You can also go to today in health it.com. And now onto today's show. Alright. Today we're gonna talk about building an effective cloud data management strategy. And we have a great group of guests with us today. We have uh, bill Gerling, who's the principal architect with, uh, Rubrik. We have Chris Knapp, system engineer at New Hanover Regional Medical Center.

Brian Farman, Tino System Infrastructure manager for New Hanover Regional Medical Center and you guys will tell us about New Hanover in in a minute. And then Vic Naji, who's been on the show a couple times, healthcare managed services with Sirius and, uh, all around CTO and, and smart guy. So we love having Vic on the show.

the Southeast since November,:

We have close to 8,000 team members currently supporting multiple hospitals, many medical practices throughout the area. We continue to rank in the top quadrant of various surveys that, you know, include not just the great patient care we provide to the community, but also one of the best places to work.

That was and, and, and it is true. It's a great place to work, great leadership, great employees, everyone dedicated, you know, to making it . It's the best experience for a patient, you know, that we can. Recently and on February 1st, new Han Regional Medical Center, we joined forces with and became a division of Novant Health.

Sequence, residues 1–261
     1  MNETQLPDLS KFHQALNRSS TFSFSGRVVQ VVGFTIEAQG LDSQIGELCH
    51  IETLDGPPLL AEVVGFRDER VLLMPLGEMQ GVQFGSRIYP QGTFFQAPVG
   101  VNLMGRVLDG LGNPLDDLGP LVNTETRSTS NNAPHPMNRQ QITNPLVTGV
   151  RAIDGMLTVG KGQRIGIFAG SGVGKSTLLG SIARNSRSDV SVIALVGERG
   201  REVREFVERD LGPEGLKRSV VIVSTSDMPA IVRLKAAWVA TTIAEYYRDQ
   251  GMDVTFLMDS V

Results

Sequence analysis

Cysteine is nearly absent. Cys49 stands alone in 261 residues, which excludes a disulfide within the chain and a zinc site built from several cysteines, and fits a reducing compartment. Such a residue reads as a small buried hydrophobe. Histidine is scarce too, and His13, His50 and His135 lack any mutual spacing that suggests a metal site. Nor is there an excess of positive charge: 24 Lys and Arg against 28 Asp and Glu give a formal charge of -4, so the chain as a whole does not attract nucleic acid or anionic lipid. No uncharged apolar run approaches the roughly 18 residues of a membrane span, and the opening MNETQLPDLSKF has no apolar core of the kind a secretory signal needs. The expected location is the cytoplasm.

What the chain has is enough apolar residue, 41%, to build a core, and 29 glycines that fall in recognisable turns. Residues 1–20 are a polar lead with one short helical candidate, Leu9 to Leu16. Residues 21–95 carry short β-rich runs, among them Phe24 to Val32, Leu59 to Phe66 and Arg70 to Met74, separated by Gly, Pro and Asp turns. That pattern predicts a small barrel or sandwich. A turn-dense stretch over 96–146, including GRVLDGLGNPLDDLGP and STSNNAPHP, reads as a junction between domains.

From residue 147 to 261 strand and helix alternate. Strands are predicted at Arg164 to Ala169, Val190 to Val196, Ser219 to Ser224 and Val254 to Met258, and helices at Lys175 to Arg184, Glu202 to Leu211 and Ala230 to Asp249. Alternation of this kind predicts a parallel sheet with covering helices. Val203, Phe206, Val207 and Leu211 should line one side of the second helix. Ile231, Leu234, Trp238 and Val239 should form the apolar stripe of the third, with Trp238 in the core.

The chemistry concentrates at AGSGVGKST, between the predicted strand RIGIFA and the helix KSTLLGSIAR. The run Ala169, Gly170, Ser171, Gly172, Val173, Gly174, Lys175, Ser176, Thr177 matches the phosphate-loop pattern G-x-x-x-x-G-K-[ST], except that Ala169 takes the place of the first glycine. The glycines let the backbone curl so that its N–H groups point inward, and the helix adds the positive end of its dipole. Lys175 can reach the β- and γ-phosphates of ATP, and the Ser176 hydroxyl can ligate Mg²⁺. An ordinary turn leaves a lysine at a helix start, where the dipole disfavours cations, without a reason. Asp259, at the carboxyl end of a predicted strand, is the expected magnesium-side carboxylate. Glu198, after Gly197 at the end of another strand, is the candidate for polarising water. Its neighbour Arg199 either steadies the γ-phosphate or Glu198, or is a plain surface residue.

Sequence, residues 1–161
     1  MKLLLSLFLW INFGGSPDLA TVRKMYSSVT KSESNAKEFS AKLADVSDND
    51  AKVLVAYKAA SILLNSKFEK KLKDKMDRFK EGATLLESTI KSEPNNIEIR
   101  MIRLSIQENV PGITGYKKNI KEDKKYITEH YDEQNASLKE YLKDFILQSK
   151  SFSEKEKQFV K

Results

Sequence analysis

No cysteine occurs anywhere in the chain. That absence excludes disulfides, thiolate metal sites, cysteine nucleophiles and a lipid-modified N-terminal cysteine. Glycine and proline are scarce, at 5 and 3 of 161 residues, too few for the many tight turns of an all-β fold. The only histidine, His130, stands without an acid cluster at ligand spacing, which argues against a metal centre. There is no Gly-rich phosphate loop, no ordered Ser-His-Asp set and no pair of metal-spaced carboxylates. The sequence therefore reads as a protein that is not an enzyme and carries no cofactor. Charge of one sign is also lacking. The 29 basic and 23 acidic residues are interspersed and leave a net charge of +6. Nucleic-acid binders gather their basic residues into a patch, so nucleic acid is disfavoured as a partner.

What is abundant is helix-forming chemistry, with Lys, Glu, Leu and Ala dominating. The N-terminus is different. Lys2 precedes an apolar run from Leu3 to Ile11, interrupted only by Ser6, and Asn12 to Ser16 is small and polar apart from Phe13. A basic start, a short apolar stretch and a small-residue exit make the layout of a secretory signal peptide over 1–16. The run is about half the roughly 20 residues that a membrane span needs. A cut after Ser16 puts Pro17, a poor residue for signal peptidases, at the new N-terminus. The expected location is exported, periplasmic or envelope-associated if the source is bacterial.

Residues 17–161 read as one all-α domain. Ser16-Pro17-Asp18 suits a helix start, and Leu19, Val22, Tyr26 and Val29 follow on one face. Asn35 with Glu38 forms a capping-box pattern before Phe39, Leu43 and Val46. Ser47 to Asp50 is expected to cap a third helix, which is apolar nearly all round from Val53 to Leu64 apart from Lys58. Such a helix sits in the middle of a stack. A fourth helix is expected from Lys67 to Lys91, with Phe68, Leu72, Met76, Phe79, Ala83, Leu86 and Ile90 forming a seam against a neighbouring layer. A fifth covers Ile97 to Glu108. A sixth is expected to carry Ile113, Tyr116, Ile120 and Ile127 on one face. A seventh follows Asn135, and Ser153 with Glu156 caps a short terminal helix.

And this will allow us to expand, you know, all of the great healthcare we currently provide to the area, but we'll be able to expand that. Up and down the East coast, we're really looking forward to, you know, the journey with Novant Health. We're very similar in, uh, the way we approach taking care of our patients, our teams, our employees.

So overall we're really excited to see where that goes with Novant. Yeah, you know, I'm, I'm looking forward to, Wilmington is a place I used to drive through on my way to Myrtle Beach. Uh, but, but we did hang out there. My dad was on a, uh, a destroyer when he was in the Navy, and I guess the, the, is the battleship North Carolina still there?